Business / Economy

Balance of trade 'at reasonable level' amid reform

By Jiang Xueqing (China Daily) Updated: 2014-07-01 07:38

Nation to maintain low current account surplus to GDP ratio, official says

The proportion of the current account surplus to gross domestic product in China has been decreasing in recent years and has dropped to a reasonable level that is internationally recognized, the nation's foreign exchange regulator said on Monday.

It fell to less than 4 percent after 2010 and continued to slide to 2 percent in 2013 and 0.3 percent in the first quarter of this year, said Du Peng, chief of the current account department of the State Administration of Foreign Exchange, at a news conference in Beijing.

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"This change is a result of China's persistence in expanding domestic demand, restructuring the economy, reducing its current account and capital account surplus, and promoting equilibrium in balance of payments," Du said.

Yang Tao, a researcher at the Institute of Finance and Banking at the Chinese Academy of Social Sciences, said: "In the past, Chinese leaders had an extensive growth mind-set, but now they are adjusting the export-oriented policy of economic development. The government is discouraging exports from high-polluting, energy-intensive industries rather than giving tacit consent."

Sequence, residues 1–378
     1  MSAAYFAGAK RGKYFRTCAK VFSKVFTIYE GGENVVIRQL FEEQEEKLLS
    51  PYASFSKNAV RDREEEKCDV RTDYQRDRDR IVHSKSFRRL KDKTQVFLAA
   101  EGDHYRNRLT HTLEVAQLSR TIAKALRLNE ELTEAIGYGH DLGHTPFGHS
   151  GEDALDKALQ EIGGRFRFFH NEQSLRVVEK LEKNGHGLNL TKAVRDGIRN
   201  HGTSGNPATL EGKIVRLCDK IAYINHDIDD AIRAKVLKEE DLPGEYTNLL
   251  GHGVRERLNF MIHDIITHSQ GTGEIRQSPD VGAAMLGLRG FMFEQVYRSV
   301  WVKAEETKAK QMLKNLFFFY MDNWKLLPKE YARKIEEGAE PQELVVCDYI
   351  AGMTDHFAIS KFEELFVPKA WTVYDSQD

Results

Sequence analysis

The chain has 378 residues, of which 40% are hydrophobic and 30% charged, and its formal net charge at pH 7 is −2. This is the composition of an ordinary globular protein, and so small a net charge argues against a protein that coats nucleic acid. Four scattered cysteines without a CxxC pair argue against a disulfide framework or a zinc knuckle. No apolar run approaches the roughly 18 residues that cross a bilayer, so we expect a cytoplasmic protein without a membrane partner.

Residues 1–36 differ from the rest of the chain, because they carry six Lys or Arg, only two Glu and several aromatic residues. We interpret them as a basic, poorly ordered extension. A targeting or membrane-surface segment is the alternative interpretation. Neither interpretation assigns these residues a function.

Li Wei, a Shanghai-based economist at Standard Chartered Plc, said the restructuring is a slow process, and it may take several years to fully digest the policies the government has launched. He expects that the proportion of current account surplus to GDP will rebound slightly to 3.5 percent this year.

While the goods trade surplus will improve due to an increasing demand for exports as the economy of developed countries gradually recovers, the service trade deficit is likely to expand because of rising overseas tourism and education by Chinese residents. Therefore, the surplus in the current account, which mainly includes goods and service trade, will keep fluctuating at a low level, Du said.

He also emphasized that the SAFE will continue to monitor changes in international economic and financial development, especially the effects on the Chinese economy of the US' withdrawal from quantitative easing.

"We will prepare an emergency action plan to prevent abnormal inflow and outflow of capital at some point in the future," he said.

Wen Bin, a senior expert in macroeconomics at China Minsheng Banking Corp Ltd, said the Ministry of Commerce wants to maintain steady growth rather than witnessing a huge slump in foreign trade caused by a drop in external demand and the appreciation of the yuan. As a result, the foreign exchange regulator will devote more attention to the capital account surplus and launch regulations to reduce the impact on the domestic economy of short-term, cross-border speculative capital flow.

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